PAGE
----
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Photographer captures stunning image of bald eagle with symmetrical reflection

An amateur photographer took a perfectly symmetrical photo of a bald eagle flying above a pond and its reflection underneath, gaining admiration worldwide for the shot. The photograph was taken by Steve Biro at the Canadian Raptor Conservancy earlier this month. 

Biro, who pursues photography as a hobby, snapped hundreds of photos of the eagle during a trip to the conservancy on May 4. He told CBS News partner BBC what stood out to him most in the viral photo was the eagle's eyes "staring daggers." 

"He's squared up perfectly, both wings are touching the water," he told the BBC. "That [photograph] was the one that struck me as as little more special than the others. But I still didn't even know how it would resonate with people."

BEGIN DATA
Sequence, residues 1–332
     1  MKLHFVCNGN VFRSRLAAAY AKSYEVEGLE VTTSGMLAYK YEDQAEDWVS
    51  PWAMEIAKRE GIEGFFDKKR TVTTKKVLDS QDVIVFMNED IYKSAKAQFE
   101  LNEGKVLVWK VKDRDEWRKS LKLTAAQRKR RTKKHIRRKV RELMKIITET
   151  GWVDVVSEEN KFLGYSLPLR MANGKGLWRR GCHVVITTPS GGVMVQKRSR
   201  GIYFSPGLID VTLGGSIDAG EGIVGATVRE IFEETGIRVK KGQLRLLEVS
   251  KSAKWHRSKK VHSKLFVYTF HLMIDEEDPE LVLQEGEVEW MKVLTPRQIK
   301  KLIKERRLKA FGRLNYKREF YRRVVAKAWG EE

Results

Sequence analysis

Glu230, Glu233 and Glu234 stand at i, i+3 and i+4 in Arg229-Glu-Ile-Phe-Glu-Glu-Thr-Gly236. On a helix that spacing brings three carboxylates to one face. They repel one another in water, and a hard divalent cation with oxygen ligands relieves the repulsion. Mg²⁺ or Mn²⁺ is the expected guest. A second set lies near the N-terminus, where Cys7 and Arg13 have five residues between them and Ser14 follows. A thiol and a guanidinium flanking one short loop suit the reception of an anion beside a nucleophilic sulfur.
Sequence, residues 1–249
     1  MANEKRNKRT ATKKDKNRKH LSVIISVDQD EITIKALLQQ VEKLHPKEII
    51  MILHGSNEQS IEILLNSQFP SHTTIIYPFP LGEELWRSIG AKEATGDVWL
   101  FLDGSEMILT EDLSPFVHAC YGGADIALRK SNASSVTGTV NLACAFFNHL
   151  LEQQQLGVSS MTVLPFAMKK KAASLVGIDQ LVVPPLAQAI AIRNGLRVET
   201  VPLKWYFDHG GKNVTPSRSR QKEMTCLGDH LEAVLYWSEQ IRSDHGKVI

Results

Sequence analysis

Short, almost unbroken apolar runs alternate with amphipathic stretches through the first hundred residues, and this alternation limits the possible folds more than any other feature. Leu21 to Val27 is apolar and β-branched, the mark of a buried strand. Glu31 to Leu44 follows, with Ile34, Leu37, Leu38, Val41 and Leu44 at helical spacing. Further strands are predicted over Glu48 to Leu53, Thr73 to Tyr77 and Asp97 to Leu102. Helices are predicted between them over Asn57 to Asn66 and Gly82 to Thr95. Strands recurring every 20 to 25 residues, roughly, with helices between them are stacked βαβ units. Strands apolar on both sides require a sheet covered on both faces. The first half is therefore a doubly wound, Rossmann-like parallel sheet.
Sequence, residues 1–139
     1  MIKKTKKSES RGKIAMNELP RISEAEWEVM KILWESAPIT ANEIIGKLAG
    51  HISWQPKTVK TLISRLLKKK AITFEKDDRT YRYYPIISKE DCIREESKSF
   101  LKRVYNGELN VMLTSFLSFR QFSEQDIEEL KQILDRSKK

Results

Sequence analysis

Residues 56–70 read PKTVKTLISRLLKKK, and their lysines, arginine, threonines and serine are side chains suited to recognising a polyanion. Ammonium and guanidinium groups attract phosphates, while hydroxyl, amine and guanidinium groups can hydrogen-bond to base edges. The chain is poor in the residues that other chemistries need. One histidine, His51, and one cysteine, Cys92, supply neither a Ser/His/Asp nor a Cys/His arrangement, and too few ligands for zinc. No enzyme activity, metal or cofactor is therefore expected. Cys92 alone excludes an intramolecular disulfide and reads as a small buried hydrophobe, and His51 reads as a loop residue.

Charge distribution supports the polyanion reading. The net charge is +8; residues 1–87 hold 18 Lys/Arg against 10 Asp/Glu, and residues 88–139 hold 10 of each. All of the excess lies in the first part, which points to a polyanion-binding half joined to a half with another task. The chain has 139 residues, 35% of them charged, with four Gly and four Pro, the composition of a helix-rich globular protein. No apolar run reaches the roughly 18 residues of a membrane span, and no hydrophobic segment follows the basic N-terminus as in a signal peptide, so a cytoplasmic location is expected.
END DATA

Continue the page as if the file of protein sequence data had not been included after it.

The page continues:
He first shared the photo of the eagle known as Bruce in some Facebook photography groups and it later found its way to the front page of Reddit, according to the BBC. Before he knew it, it was being featured on news outlets around the world.

Biro said birds at the Canadian Raptor Conservancy are typically unbothered by photographers. However, Bruce, a resident eagle at the conservancy, was not a fan. 

"He was actually trying to brush me away from where I was perched," he said. "I could feel the breeze from his wings as he flew over me. The other people who were there were gasping as he came over my head. It was really quite exhilarating."

On his Facebook page, he also shared a slow-motion video of the eagle as it flew by him.

Hi everyone, here's a slow motion vid of the Eagle coming across the water at the Canadian Raptor conservancy yesterday. The Eagle was literally flying inches over my head where I was sitting, it was an amazing experience!

Posted by Steve Biro on Sunday, May 5, 2019

Biro told the BBC he loves taking photos of birds because of their similarities to humans.

"The way they hunt, the way they interact," he said. "Sometimes you'll see them do things. They'll be playful, just like children. It's amazing how you'll see aspects of humanity in birds — and in animals overall."